A little over a week ago, I posted an essay about the Peace Education curriculum at MCS. That essay was just the latest of many instances over the past two years when I have referenced in my blog posts those qualities of Grace and Courtesy that are at the very heart of Montessori philosophy and practice.

Just a few weeks after arriving at MCS in the summer of 2016, when doing some “research” on Grace and Courtesy, I recall coming across, on another school’s website, the following compelling imperative:

“Imagine if every adult behaved in kind and courteous ways in our community, and all of our children absorbed that into themselves and then took it out into all of their relationships…. Grace and Courtesy is a tremendous vision, and one we work toward every day in our own hearts and behaviors.”

If you were to walk into the Head of School’s office here at MCS, I would hope that one of the first things that you might notice is a poster that depicts how The Golden Rule (“Do unto others as you would have them do unto you”) is central to every religion and can be found articulated in virtually any sacred text that you might choose to study.

Golden Rule Poster

I keep that poster in my office not so much for it to be noticed by (and perhaps serve as a subtle reminder too) anyone who happens to be walking through my door (although if it has that positive effect, I’m OK with that); rather, I want for it to serve as a daily reminder to me of what I have come to believe is my true, “unwritten job description” as Head of School at MCS.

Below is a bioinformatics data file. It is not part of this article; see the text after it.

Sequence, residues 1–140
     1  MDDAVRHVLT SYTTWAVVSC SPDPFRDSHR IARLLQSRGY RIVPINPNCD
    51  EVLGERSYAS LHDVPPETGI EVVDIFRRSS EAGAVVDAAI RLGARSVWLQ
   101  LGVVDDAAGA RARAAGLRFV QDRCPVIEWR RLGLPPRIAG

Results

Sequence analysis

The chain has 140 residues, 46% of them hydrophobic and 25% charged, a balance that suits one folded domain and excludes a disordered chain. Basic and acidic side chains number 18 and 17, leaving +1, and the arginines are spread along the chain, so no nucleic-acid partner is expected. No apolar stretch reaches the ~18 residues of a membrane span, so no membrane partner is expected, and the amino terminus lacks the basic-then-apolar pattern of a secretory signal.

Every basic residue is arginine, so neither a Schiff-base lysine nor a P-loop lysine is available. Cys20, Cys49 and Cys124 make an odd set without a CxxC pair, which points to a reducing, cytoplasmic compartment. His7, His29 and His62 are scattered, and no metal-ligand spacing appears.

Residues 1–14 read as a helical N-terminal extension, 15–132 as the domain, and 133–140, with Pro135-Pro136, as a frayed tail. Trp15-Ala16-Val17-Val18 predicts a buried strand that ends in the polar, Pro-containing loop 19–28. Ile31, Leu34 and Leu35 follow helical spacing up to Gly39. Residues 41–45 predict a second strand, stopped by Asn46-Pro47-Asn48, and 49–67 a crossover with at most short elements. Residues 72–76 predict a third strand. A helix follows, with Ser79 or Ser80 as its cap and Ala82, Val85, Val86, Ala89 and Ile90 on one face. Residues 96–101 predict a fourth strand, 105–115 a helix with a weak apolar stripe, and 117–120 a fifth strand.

And what is that job description, you might ask? For that, I will resort to quoting once more from that school’s website that I, fortunately, came across:

“Montessori philosophy uses the phrase ‘Grace and Courtesy’ to reflect the way in which we endeavor to engage in all of our interactions: with ourselves, with others, and with the environment in which we live. Grace and courtesy are not taught so much as modeled, and practiced, at every level of our work and play.”

This coming Wednesday morning, March 14, beginning at 10:00 a.m., our Adolescent and Upper Elementary students, along with their teachers, will be taking part in a brief (17 minutes) “walk-out” in recognition of the 17 students and teachers who were killed at their school in Parkland, Florida.

I will be attending that walk-out as well, for I want our students and teachers to know that I am “with them” as they strive to create a more peaceful and just world, not only for themselves and the children of the future but for us as well.

Are you with me? And perhaps, more importantly, are you with them?

Tim Daniel, Head of School